• The only down-side on my K2500 Suburban has been its 4-wheel drive system. I rarely need it and have only really tried to use it a half-dozen times and three of those uses resulted in catastrophic failure of the electronic transfer case control module.
    • If I were buying a new tow vehicle today, it would be another 3/4-ton Suburban/Yukon with the largest available gas V8 but without 4-wheel drive.
      • In the nine years that I have owned my Suburban, the 4WD electronic transfer control module has needed to be replaced seven times.
        • GM paid for the replacements four times under either the original 3-year/36,000 mile warranty or the replacement part warranty of 12-month/12,000 miles.
        • The service 4WD soon light illuminated last month, and I have asked my dealer to disconnect the electronic controls for the 4WD and I'll just forget that it was ever there -- the $750 cost for the part and repair with the knowledge that it will likely be good for only a couple of uses before it has to be done again just cuts into my fuel budget too much (the current part turned 12-months during the first week in December 2006 and my dealer doesn't believe that he will be able to get the regional office to extend the warranty on the part).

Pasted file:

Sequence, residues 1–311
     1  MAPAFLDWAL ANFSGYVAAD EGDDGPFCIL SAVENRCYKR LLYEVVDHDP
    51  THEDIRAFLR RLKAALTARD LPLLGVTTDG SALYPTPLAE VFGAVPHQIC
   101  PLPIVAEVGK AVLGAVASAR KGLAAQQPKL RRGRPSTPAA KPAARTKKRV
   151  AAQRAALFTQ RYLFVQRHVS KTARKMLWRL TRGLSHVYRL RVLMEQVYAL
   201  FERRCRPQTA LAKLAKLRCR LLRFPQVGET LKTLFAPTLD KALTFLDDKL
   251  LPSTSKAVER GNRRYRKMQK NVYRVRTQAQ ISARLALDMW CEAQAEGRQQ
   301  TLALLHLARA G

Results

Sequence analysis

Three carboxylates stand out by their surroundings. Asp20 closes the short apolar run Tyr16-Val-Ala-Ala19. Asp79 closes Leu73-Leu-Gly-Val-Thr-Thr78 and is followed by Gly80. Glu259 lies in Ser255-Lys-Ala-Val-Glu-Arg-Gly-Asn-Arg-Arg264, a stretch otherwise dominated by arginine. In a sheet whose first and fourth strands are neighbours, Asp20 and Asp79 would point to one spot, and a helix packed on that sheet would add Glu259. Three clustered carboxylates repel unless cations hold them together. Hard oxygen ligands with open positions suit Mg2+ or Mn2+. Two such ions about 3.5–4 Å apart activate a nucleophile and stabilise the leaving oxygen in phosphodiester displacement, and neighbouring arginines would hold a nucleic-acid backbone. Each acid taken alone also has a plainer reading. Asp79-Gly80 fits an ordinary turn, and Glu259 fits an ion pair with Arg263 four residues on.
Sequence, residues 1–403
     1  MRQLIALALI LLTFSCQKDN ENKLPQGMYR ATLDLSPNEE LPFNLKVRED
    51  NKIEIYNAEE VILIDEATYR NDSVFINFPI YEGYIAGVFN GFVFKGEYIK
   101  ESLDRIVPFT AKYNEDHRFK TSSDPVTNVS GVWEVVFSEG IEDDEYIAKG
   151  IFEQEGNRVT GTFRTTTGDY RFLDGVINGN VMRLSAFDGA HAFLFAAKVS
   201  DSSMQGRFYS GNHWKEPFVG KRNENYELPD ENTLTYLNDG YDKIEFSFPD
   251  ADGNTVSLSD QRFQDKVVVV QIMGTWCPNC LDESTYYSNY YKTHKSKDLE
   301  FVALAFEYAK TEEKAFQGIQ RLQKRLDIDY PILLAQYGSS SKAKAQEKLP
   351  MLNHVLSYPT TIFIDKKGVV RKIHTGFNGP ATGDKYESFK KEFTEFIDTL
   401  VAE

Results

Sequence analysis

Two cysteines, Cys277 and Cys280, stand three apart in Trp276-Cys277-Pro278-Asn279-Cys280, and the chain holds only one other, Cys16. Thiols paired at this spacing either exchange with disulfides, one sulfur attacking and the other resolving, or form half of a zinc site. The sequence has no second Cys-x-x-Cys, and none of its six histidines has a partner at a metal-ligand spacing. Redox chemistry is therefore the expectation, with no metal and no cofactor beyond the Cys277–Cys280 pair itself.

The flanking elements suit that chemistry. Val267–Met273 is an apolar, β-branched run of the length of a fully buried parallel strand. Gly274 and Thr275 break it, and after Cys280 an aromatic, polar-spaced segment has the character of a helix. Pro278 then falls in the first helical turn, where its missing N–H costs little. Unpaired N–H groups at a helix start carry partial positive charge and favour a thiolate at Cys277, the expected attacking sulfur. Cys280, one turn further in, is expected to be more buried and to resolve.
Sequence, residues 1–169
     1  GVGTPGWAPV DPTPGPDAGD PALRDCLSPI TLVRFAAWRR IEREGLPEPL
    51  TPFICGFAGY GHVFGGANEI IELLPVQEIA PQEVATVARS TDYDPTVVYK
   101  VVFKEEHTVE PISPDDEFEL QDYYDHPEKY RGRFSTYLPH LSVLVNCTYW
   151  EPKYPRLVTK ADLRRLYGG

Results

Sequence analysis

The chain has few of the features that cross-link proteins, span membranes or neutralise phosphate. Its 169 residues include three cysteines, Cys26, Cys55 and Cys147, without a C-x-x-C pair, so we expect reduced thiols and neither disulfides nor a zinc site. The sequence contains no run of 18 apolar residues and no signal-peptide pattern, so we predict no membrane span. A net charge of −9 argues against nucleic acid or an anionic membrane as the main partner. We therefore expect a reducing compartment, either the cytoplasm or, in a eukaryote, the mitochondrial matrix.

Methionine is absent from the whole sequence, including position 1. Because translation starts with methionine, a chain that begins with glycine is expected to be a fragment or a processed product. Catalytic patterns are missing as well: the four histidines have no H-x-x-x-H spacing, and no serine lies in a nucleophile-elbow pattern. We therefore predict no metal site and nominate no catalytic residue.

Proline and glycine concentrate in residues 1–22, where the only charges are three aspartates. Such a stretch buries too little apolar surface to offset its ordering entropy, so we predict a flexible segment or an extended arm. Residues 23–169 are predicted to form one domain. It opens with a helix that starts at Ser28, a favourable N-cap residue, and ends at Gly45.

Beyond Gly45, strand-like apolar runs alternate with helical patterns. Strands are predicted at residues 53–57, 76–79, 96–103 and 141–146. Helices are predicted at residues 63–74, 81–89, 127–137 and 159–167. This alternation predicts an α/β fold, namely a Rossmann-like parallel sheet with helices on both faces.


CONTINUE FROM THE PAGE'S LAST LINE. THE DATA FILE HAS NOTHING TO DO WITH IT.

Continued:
• Beyond the 4WD issues the Suburban has been absolutely trouble-free with excellent durability for brakes, tires and other systems.
Both the K1500 pickup and K2500 were serviced by the same mechanics at the same garage where my family has traded for nearly 50 years. I am confident that the repairs were necessary when specified on both vehicles, and it helped me to reach the conclusion if I can't have a new, full-size, body-on-frame Cadillac or Oldsmobile convertible with big-block gas V8 and rear-wheel-drive as my tow vehicle; the 2500 series Suburban is the next best alternative.

Good luck with your research and decision!

Kevin